The No. 1 business book in the country is "Outliers: The Story of Success," the new book by Malcolm Gladwell, author of "The Tipping Point." "Outliers" is basically a collection of weird little scholarly studies and anecdotes strung along like pearls on a necklace, arguing that it’s smarter to be lucky than it’s lucky to be smart.

Lyrics from "Pippin" aside, Gladwell spends a lot of his time indicating that a strong factor in success is that the seed finds fertile soil — as in his story of the kings of Silicon Valley, who were all born within two years of each other, because any computer geek older than that would have been an entrenched IBM man by the time the personal computer revolution came around.

But Gladwell uses another set of his stories to indicate that success requires practice — nearly constant practice. He uses the figure of 10,000 hours to indicate mastery of a field, whether it’s music or hockey. In other words, it takes sweat. He doesn’t really use the word "persistence," because in some of his examples, the practitioner found the practice to be actually fun. Bill Gates, for example, enjoyed programming computers. And sometimes, as in the case of a young hockey star, there’s a loop where early success begets more rink time, which begets more success.

The book has some good lessons for real estate pros, especially in these trying times. No. 1 is that if you’re going to succeed, you’re not going to do it without practice. Every local Realtor association has its "Rookie of the Year" — so it’s not that there aren’t prodigies, but those people might have actually had practice in some crucial real estate skills, like learning how to stay in contact with dozens of people simultaneously or how to explain a technical subject in a manner that is amusing or at least tolerable.

The figure of 10,000 hours is approximately five years if you’re working 40 hours a week, so we need to give ourselves a break if perhaps we are building real estate practices around other jobs and family demands.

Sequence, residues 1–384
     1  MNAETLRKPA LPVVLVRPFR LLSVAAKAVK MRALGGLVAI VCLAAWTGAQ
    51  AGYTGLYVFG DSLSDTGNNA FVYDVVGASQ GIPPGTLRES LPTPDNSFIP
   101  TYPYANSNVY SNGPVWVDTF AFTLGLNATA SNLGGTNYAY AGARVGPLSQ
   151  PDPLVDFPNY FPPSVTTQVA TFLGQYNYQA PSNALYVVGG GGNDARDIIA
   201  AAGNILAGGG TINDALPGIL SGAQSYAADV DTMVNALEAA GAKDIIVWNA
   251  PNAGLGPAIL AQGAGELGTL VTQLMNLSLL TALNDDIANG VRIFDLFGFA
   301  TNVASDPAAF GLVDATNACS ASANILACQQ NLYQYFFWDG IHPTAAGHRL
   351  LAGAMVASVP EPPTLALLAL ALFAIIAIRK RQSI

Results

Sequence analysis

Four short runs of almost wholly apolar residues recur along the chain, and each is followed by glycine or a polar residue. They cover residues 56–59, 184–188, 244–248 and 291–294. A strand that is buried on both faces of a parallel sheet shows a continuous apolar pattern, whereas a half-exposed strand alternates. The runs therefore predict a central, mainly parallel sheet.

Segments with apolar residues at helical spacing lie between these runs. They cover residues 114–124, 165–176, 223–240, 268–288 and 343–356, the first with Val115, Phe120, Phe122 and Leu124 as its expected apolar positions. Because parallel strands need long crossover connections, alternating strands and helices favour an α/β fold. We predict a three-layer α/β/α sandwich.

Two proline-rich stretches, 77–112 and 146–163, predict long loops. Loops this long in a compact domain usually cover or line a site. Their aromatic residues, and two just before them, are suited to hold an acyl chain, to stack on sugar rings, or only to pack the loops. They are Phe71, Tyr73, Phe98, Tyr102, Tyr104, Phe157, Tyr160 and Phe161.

No. 2 is that even if you are very, very smart and work very, very hard, conditions still have to be right for you to blossom. Generally, you need a combination of economic and cultural circumstances that "fit" what you are trying to do — and it doesn’t hurt to have encouragement. In many of the success stories that Gladwell tells, the mega-achiever got that way not because of one lucky break from one person, but because of three or four breaks from three or four different people.

My first year in the business, in my very first real estate office, I noted with a little shock that the best leads went out to people who were already doing well at closing deals, instead of to people who were new or lagging at the game and might need a hand.

"Milk is given to the teenagers and not to the toddlers," I wrote. That’s very often a piece of the story of success: that one lucky break makes you a golden boy or girl, and then you are handed other opportunities to strut your stuff.

So if you’re in the middle of that cycle of success, work hard and run with it. But if the rocket has not taken off, how best to start it? One key is to try to make your work meaningful, because it will make the time you spend plugging away seem more like a means to a goal and less like unending toil.

In other words, kids, find joy in the day and keep your chin up.

Alison Rogers is a licensed salesperson and author of "Diary of a Real Estate Rookie."


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